The goals are laudable, however it will not offer answers to the question – What interventions are potentially scalable to encourage start-up activity? This is potentially the biggest unanswered questions in our attempts to bring about more equal ownership of the economy. The Jobs Fund has however structured itself in a way that it will not learn about the experiences of start-ups in South Africa. Ironically, this approach limits the role of potential jobs arising from South African start-ups.
Small business creates jobs
Second, small business must play a role in job creation. However, the revised criteria not only places onerous conditions on start-ups, but also signals that it will focus on high growth sectors and labour absorbing sectors. The focus aims to align spending with opportunities that have strong focus on growth, and could create jobs. However, successful small businesses will emerge not only in current growth sectors, but in sectors that are embryonic. Reading between the lines it is thus conceivable that the small business are left out from a potential funding source as by their very nature they are often in sectors that are outside government definitions of “high growth” sectors . To be fair, the current reports on the Enterprise Development window shows that funds are directed at intermediary organisations, some providing financial and non-financial support to small business. The point being made is that the Jobs Fund should work more closely and more directly with small business especially in terms of government supported venture capital.
Unfair to startups
Third, the terms of entering into partnerships are unfair to startup owners. Essentially, what The Jobs Fund is suggesting that start-ups enter into agreements with larger companies, with larger empowered companies holding the trump cards. Arguably, partnerships could be based on a non-financial contribution. Even in this case, it is an onerous process to undergo, to access potential government funding. To be clear, start-ups need all the support they can get, but potential founders are less likely to emerge when they are required to (a) find matching funding and (b) possibly give up equity to a larger partner.
Support opportunity Based Entrepreneurship
Fourth, opportunity based entrepreneurship creates jobs. The Global Entrepreneurship Monitor (GEMS) shows that across the globe focusing on opportunity based entrepreneurs yields good outcomes on the creation of jobs. Testing what makes opportunity based entrepreneurship works is thus crucial to the goal of creating long-term sustainable employment.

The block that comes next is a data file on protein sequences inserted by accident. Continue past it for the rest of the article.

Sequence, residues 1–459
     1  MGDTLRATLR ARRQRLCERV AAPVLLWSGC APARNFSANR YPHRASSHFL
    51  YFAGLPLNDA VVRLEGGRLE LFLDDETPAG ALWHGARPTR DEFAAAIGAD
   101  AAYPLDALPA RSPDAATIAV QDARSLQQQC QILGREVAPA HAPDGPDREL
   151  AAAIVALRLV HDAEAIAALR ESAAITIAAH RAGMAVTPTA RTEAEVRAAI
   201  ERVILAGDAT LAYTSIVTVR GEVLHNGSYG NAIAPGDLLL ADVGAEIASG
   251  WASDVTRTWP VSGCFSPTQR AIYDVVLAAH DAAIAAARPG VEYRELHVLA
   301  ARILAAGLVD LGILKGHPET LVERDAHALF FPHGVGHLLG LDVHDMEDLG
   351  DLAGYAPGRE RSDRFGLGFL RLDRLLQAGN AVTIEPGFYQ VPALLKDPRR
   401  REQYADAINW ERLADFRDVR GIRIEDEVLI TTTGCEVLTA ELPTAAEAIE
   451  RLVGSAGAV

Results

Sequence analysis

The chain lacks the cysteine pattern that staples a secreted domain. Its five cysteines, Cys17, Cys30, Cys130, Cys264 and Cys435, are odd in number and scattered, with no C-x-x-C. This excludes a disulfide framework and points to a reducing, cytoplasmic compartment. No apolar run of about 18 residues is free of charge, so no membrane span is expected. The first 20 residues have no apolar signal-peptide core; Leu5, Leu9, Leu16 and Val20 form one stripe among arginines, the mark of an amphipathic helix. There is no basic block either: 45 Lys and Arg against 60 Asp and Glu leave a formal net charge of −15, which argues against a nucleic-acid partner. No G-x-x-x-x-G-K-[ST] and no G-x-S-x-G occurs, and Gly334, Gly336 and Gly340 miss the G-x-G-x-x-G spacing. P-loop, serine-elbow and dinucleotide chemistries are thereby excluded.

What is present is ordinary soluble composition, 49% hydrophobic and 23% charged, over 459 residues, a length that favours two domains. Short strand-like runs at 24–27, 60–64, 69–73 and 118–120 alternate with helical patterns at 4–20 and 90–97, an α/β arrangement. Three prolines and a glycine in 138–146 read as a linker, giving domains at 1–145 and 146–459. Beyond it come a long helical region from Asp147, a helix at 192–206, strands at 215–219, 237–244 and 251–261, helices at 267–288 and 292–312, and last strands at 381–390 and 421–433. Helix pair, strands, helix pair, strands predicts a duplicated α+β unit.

Fifth, the Jobs Fund does not understand risk in a way that is supportive to the goal of job creation. The Jobs Fund adopts an approach that is focused on the These criticism of The Jobs Fund should however be viewed in relation to a startling admission:
The Jobs Fund is not intended to tackle the long-term, structural causes of low growth and unemployment. (emphasis in original).
The approach advanced by the Jobs Fund is thus inherently contradictory. On the one hand, it seeks to create sustainable jobs. On the other hand, it aims to do that without tackling the underlying causes. It fails to understand the risk of long term structural unemployment requires tackling the underlying reasons for structural unemployment. This can be done through supporting start-up activity, but also supporting interventions that focus on making access to value chains more accessible.
Crowding out venture capital
Sixth, start ups will compete with the Jobs Fund for limited funding. Xolani Ndungane is quoted in Engineering News as follows:
Our target is higher, not just in terms of jobs, but also in terms of the amount of money we bring in from the private sector to co-fund the initiatives,”
The stated aim is to raise an additional R 10 billion from the private sector. There would be no problem with raising additional funding if the criteria supported new entrants into the economy, especially black small business. However, as it stands the raising of funds may impact on the already limited venture capital funding available for start-up funding. Should companies be incentivised to support Jobs Fund, or directly support opportunity based start-up businesses?
A Lost Opportunity?
Sadly, the positioning of The Jobs Fund does not change the opportunity basket available for start-ups and small business. We could receive a better impact for the initial R 9 billion invested by government in the Jobs Fund, through supporting start-up activity. The first investments in start-ups might not yield much needed jobs immediately, but could over the longer term begin to transform the underlying reasons for economic equality. Ultimately, the Minister of Finance is not going to be able to report to Cabinet about lessons learned about starting up in the South African economy, and that means we have not taken steps to utilise public funds to understand the practical steps to structural change in the economy. In short, the current approach to funding projects by The Jobs Fund fails to support a key vehicle of economic democracy and employment creation – start-ups.
Presentation on government’s role in small business and entrepreneurship.
How do we create viable small businesses in South Africa? The presentation below provides initial thinking to answer this question, and was presented at a workshop organised by the Economic Development Department (EDD).